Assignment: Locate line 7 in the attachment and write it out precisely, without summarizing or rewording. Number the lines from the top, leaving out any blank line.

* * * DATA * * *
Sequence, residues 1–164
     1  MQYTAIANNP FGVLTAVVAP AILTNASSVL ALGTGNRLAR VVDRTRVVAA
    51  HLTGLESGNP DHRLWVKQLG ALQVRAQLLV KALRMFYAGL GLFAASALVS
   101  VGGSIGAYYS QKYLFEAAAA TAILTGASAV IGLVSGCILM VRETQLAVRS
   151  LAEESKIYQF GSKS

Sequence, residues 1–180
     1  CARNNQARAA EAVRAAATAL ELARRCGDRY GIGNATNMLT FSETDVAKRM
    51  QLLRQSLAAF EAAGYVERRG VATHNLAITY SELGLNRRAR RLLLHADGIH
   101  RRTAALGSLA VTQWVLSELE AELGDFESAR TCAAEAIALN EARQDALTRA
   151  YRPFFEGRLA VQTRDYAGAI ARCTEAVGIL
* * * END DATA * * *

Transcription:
     1  CARNNQARAA EAVRAAATAL ELARRCGDRY GIGNATNMLT FSETDVAKRM